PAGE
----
On 02/27/2018 07:26 PM, Baoquan He wrote:
> In sparse_init(), if CONFIG_SPARSEMEM_ALLOC_MEM_MAP_TOGETHER=y, system
> will allocate one continuous memory chunk for mem maps on one node and
> populate the relevant page tables to map memory section one by one. If
> fail to populate for a certain mem section, print warning and its
> ->section_mem_map will be cleared to cancel the marking of being present.
> Like this, the number of mem sections marked as present could become
> less during sparse_init() execution.
> Here just defer the ms->section_mem_map clearing if failed to populate
> its page tables until the last for_each_present_section_nr() loop. This
> is in preparation for later optimizing the mem map allocation.
> Signed-off-by: Baoquan He <b...@redhat.com>
> ---
>  mm/sparse-vmemmap.c |  1 -
>  mm/sparse.c         | 12 ++++++++----
>  2 files changed, 8 insertions(+), 5 deletions(-)
> diff --git a/mm/sparse-vmemmap.c b/mm/sparse-vmemmap.c
> index bd0276d5f66b..640e68f8324b 100644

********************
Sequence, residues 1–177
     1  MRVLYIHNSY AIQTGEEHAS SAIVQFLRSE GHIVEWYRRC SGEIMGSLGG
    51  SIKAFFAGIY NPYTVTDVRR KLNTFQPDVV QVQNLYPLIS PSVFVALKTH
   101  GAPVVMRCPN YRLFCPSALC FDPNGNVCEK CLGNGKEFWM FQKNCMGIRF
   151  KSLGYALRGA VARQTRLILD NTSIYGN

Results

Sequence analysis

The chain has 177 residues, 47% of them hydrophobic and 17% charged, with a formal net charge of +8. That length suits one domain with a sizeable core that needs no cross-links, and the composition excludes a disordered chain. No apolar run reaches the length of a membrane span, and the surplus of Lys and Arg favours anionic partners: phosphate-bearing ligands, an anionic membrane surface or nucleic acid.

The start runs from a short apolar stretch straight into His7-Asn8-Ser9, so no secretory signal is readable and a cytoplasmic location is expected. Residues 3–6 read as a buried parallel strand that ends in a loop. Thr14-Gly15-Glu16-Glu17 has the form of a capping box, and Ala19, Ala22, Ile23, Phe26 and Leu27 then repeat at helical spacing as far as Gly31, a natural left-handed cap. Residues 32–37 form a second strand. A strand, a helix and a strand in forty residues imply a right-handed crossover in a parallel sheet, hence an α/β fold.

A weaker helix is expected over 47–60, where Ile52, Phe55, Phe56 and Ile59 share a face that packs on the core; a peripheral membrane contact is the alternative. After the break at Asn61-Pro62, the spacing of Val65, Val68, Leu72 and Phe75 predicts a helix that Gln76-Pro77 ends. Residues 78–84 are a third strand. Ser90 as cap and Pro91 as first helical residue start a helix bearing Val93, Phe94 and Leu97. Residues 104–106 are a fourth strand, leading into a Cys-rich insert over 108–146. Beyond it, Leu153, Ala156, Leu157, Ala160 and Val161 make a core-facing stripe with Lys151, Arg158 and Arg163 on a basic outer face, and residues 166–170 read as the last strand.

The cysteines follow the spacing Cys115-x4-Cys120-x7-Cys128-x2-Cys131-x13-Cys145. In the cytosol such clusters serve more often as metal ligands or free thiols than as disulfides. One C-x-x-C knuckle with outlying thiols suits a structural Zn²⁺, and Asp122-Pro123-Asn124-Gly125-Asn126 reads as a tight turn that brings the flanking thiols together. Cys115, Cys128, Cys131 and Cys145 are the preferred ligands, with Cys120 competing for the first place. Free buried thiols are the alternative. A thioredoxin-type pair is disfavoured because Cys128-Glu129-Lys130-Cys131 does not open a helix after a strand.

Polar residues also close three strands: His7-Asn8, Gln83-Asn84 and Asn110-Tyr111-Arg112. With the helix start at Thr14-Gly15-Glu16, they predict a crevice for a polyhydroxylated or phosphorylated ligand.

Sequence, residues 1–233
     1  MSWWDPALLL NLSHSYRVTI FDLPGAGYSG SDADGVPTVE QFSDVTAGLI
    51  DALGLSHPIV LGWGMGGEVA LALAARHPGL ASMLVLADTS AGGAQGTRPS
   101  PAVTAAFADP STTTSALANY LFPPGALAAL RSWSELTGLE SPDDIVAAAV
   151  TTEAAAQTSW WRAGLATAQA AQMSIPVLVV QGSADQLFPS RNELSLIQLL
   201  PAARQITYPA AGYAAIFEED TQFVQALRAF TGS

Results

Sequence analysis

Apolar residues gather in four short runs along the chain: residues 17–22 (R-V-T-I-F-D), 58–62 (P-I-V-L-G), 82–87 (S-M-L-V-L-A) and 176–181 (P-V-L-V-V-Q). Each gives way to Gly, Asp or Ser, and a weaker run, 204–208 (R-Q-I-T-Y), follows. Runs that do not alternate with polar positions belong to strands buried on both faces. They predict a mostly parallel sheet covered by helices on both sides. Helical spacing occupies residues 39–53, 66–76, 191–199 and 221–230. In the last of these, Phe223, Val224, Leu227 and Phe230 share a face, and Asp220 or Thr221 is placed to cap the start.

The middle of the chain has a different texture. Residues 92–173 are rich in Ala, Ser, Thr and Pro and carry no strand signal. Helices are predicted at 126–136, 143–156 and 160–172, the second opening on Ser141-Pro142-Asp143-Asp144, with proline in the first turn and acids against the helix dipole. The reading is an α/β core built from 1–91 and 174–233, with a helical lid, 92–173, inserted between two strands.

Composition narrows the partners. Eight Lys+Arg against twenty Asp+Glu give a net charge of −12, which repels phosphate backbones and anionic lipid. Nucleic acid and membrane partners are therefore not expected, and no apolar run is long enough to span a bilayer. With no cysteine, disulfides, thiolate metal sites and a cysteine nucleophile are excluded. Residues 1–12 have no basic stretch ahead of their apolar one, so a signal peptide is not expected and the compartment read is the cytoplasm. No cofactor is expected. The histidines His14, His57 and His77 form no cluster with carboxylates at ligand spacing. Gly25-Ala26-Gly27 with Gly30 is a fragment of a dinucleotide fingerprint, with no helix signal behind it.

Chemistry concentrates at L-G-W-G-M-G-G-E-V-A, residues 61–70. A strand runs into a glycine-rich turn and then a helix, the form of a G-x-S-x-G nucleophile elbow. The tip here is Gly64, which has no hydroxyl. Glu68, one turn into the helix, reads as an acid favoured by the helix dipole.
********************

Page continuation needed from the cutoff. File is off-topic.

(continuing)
> --- a/mm/sparse-vmemmap.c
> +++ b/mm/sparse-vmemmap.c
> @@ -303,7 +303,6 @@ void __init sparse_mem_maps_populate_node(struct page 
> **map_map,
>               ms = __nr_to_section(pnum);
>               pr_err("%s: sparsemem memory map backing failed some memory 
> will not be available\n",
>                      __func__);
> -             ms->section_mem_map = 0;
>       }

I think you might have been trying to say this in the description, but I
was not able to parse it out of there.  What is in ms->section_mem_map
that needs to get cleared?

It *looks* like memory_present() uses ms->section_mem_map to just mark
which sections are online relatively early in boot.  We need this
clearing to mark that they are effectively *not* present any longer.

I guess the concern here is that if you miss any of the error sites,
we'll end up with a bogus, non-null ms->section_mem_map.  Do we handle
that nicely?

Should the " = 0" instead be clearing SECTION_MARKED_PRESENT or
something?  That would make it easier to match the code up with the code
that it is effectively undoing.

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